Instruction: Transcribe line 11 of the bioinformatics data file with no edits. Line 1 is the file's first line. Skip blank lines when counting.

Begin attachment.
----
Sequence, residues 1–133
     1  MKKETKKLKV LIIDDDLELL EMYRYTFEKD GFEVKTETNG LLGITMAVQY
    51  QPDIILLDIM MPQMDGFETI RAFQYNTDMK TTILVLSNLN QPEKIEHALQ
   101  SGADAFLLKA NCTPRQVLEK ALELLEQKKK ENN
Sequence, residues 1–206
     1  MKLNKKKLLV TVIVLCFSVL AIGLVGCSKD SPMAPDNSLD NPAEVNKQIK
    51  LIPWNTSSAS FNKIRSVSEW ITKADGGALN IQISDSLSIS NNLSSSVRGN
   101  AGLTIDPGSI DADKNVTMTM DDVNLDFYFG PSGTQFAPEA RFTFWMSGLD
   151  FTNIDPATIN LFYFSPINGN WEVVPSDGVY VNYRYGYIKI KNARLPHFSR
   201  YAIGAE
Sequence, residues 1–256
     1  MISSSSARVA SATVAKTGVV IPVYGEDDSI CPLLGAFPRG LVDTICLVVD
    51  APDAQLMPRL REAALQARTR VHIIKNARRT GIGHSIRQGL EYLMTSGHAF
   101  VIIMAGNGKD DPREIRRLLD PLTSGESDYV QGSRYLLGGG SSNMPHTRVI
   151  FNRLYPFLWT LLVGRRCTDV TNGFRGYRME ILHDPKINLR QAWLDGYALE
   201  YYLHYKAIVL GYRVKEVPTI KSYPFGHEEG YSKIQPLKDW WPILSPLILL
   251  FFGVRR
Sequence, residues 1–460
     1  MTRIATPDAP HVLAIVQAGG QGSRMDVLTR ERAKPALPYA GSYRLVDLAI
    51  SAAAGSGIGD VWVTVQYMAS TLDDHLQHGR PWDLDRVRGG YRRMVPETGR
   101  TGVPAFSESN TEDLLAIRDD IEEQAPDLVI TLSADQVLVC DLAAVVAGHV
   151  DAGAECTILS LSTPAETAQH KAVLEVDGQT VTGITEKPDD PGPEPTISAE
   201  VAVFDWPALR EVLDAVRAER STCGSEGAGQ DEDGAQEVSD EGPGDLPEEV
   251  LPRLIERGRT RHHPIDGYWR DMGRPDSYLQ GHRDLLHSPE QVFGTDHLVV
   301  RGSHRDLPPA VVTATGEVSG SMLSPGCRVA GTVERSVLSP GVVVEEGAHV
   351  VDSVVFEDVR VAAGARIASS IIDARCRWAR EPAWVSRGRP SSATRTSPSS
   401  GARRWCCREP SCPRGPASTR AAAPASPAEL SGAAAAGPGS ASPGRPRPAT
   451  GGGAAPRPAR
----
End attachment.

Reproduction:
Sequence, residues 1–256